VMware Player 6.0 Release Notes
VMware Player 6.0 | 03 September 2013 | Build 1295980
These release notes include the following topics.
This release of VMware Player adds the following new features and support.
VMware Player 6 Plus
With the release of VMware Player 6 VMware is introducing a commercial version of VMware Player called VMware Player 6 Plus. A license key for VMware Player can be purchased from the VMware online store - http://store.vmware.com. Licensed versions of VMware Player can be used for commercial purposes, the warning text in the title bar will be suppressed and VMware Player 6 Plus can run restricted virtual machines. VMware Player is still available for Free for personal use. Please read the End User License Agreement for specific terms and conditions.
VMware Player installation has been enhanced with configuration settings to allow unattended installation of VMware Player using enterprise software configuration management tools. VMware Player now allows the EULA to be suppressed, a destination directory to be set, to opt out of the User Experience Improvement Program, Desktop and start menu shortcuts to not be created, the serial key to be passed automatically installed, the software update URL and a support contact URL to be configured.
Simplified UI Mode
Many of our customers would like to create virtual machines and provide them to their employees and students without enabling them to create virtual machines or modify VMware Player settings. VMware Player 6 includes a Simplified UI mode that can be set to hide these menu items.
New Operating System Support
Support for Windows 8.1 and Windows 8.1 Enterprise, Windows Server 2012 R2, Ubuntu 13.10 and the latest Fedora, CentOS, Red Hat and OpenSUSE releases.
VMware Hardware Version 10
This version of VMware Player includes VMware hardware Version 10. Hardware versions introduce new virtual hardware functionality and new features while enabling VMware to run legacy operating systems in our virtual machines. New features included in this hardware version:
Virtual Machines can now run with up to 16 virtual CPUs. This enables very processor intensive applications to be run in a virtual machine.
Note: Running Virtual Machines with 16 vCPUs requires that both your host and guest operating system support 16 logical processors. Your physical machine must have at least 8 cores with hyper-threading enabled to power on a virtual machine with this configuration.
8 Terabyte disks
Virtual machines can now include virtual disks greater than 2 Terabytes. Given the limitations of most operating systems to boot from disks greater than 2 Terabytes, These large disks are most useful as secondary drives for file storage.
Note: To use a disk greater than 2TB for a boot disk, your guest operating system would need to boot using EFI in order to read a GPT formatted disk which is required to access all of the sectors on a disk of this size. Additionally, the Buslogic controller is not capable of supporting a disk greater than 2TB.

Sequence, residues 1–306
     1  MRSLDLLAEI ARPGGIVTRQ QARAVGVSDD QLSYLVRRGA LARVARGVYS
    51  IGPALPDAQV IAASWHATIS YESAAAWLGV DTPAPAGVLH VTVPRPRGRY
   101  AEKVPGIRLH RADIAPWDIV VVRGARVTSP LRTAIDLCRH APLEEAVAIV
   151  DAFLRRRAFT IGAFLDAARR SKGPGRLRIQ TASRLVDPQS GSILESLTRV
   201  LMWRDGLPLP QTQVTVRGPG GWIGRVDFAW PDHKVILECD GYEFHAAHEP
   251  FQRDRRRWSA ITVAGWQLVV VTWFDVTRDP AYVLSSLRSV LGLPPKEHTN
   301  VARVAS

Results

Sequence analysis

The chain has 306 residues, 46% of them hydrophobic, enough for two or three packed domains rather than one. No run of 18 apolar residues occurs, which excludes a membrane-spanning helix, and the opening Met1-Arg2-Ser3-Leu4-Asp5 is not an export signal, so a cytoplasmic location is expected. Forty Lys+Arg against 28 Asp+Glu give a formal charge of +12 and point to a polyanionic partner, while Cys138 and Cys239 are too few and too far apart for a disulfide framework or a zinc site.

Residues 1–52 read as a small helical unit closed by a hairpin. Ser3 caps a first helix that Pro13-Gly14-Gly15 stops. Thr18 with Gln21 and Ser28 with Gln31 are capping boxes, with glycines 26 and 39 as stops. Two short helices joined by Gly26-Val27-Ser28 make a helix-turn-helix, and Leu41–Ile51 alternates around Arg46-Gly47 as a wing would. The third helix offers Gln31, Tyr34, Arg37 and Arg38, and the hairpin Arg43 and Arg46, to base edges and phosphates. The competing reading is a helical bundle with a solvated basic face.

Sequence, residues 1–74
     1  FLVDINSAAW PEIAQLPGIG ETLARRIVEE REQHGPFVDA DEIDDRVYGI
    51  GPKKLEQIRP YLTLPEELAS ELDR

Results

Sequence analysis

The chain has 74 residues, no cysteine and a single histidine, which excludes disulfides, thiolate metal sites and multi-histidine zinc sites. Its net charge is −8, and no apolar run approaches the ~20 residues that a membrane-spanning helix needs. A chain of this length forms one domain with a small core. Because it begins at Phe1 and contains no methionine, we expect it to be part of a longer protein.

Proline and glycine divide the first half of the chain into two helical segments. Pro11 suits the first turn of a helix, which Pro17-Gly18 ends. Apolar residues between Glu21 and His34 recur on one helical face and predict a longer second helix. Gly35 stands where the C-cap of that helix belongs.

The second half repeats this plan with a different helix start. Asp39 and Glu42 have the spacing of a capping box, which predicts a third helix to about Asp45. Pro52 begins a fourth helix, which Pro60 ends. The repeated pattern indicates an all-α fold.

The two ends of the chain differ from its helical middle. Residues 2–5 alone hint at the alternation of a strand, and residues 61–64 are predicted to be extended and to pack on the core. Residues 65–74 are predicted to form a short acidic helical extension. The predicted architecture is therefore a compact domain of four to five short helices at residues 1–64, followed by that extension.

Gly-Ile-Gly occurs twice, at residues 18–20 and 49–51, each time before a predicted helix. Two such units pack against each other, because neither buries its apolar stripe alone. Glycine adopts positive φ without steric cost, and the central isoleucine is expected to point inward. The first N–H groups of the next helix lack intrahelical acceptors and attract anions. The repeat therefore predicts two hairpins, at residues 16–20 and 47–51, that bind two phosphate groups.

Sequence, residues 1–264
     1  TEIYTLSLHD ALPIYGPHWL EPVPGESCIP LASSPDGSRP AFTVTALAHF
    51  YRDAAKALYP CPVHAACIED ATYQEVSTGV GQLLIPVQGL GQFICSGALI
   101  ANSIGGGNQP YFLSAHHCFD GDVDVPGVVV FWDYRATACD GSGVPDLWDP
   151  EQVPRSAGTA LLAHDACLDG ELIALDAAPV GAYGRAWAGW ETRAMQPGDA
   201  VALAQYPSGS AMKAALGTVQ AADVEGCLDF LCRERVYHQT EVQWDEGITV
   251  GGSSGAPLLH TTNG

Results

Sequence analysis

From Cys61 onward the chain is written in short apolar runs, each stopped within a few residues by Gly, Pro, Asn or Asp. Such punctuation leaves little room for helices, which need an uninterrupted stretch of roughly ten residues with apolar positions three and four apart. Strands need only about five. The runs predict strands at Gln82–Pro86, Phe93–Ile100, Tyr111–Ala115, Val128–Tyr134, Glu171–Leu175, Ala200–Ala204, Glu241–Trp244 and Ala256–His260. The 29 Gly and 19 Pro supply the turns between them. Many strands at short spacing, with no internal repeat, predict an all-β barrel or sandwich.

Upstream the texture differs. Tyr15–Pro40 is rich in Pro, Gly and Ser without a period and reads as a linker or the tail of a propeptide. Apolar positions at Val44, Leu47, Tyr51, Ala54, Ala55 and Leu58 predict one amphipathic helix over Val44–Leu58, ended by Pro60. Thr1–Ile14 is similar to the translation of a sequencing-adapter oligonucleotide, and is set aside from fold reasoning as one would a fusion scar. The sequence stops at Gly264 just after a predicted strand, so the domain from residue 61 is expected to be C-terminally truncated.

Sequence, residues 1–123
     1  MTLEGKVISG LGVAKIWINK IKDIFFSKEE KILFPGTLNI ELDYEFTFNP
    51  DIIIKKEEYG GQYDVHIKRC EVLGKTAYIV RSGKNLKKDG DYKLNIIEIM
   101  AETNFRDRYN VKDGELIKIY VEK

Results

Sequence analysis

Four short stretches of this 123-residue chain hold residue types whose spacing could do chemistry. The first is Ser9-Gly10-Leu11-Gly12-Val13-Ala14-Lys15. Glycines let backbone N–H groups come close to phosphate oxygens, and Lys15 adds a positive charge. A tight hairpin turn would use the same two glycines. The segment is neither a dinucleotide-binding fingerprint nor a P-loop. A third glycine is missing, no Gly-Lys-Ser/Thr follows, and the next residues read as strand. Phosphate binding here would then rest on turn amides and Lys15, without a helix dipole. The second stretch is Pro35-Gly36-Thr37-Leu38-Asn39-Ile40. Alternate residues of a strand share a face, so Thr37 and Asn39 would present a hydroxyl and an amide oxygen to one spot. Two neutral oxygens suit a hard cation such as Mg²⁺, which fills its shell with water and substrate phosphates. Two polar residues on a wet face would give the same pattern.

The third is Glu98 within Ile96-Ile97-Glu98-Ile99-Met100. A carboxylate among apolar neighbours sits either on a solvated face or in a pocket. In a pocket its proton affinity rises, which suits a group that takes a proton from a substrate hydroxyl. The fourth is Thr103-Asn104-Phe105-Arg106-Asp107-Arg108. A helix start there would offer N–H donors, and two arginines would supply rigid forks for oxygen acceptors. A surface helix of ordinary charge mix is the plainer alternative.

USB 3 Streams have been implemented to enable high speed transfer of files from USB 3 external storage devices that support this technology. For customers running on Workstation 10 on laptops with small hard disks, large data files, video files etc., can be stored on an external USB 3 storage device and accessed quickly from within the virtual machine.
VMware has also addressed issues Intel, NEC, AMD, TI and Linux Kernel host xHCI drivers to improve overall USB 3 compatibility and performance.
Windows 8 is capable of detecting when it is being run from a solid state drive (SSD) and optimizes itself for this hardware. In Workstation 10, the guest operating system will be able to detect when the Virtual Machine Disk file is being stored on an SSD drive and the operating system can make the same optimizations when it is running in a virtual machine.
Many additional changes have been made to this Hardware Version including some performance improvements, power savings and compatibility with new processors. We have also made significant improvements in the startup time of VMware Player and in Windows boot time when running Windows virtual machines.
Expiring Virtual Machines
VMware has enhanced the capabilities of Restricted Virtual Machines to include the ability to expire on a specified date and time. This capability enables our customers to create virtual machines to be shared with employees, students, customers, contractors etc. that will run until their contract terminates, demo runs out or course ends.
These restricted and expiring virtual machines can be run in VMware Player 6 Plus but requires VMware Workstation or VMware Fusion Professional to create the Expiring Restricted virtual machine.
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